around with hardware, and especially mount all of your local
filesystems (which includes activating underlying storage systems
like software RAID and LVM, if they haven't been activated already
in the initramfs).
The traditional thing that fails here is that one or more of your local filesystems can't be mounted. This often causes this process to abort and drop you into a single user rescue shell environment.
(On a systemd system the hostname is actually set twice, once in the initramfs and then again in this stage.)
- With your local filesystems mounted and other core configuration
in place, your init system continues on to boot your system the
rest of the way. This does things like configure your network
(well, perhaps; these days some systems may defer it until you
log in), start all of the system's daemons, and eventually enable
logins on text consoles and perhaps start a graphical login
environment like GDM or LightDM. At the end of this process, your
system is fully booted.
Things that fail here are problems like a daemon not starting or, more seriously, the system not finding the network devices it expects and so not getting itself on the network at all. Usually the end result is that you still wind up with a login prompt (either a text console or graphics), it's just that there were error messages (which you may not have seen) or some things aren't working. Very few modern systems abort the boot and drop into a rescue environment for failures during this stage.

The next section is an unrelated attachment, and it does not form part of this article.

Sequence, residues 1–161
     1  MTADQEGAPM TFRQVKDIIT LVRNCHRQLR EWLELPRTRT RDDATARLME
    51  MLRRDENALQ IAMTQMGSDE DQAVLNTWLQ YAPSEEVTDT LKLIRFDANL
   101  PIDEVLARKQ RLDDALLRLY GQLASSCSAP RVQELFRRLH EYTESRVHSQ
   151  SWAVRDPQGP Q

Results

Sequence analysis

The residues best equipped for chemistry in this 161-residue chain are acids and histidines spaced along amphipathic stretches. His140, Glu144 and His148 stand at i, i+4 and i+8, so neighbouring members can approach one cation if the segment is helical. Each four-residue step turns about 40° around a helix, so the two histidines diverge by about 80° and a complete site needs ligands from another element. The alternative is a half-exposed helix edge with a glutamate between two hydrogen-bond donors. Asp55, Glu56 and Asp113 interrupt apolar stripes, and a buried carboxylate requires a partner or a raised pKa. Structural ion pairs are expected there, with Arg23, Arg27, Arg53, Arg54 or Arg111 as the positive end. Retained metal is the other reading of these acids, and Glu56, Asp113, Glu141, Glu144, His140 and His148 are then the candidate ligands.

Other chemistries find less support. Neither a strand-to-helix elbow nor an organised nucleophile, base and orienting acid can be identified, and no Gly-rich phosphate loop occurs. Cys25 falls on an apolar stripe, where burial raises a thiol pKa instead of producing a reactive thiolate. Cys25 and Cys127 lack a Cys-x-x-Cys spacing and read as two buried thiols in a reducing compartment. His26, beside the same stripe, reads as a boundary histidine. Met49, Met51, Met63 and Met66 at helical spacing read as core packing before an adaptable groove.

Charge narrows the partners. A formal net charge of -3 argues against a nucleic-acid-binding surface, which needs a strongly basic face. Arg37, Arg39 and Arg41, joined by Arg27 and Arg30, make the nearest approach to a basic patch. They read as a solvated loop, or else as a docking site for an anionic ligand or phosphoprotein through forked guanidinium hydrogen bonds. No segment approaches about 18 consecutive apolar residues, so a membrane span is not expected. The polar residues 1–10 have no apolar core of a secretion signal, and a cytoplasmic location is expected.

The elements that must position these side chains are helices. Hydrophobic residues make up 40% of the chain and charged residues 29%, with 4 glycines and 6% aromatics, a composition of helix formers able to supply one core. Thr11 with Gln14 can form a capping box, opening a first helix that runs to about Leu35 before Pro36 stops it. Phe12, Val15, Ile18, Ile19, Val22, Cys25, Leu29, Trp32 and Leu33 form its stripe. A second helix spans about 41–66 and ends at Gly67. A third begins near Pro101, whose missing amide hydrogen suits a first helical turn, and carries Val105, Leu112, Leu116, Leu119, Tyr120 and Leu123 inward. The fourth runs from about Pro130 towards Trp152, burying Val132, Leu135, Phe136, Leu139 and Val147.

On a systemd system, this transfers control from the initramfs systemd to the systemd binary on your root filesystem (which takes over as PID 1), but systemd maintains continuity of its state and boot process and you can see the whole thing in
journalctl. The point where the switch happens is reported as 'Starting Switch Root...' and then 'Switching root.'
All of System V init, Upstart, and systemd have this distinction
between the basic system setup steps and the later 'full booting'
steps, but they implement it in different ways. Systemd doesn't
draw a hard distinction between the two phases and you can shim
your own steps into either portion in basically the same way. System
V init tended to implement the early 'single user' stage as a
separate nominal runlevel, runlevel 'S', that the system transitioned
through on the way to its real target runlevel. Upstart is sort of
a hybrid; it has a
startup event that's
emitted to trigger a number of things before things start fully
(This really is an overview. Booting Linux on PC hardware has become a complicated process at the best of times, with a lot of things to set up and fiddle around with.)
Comments on this page:Written on 17 June 2018.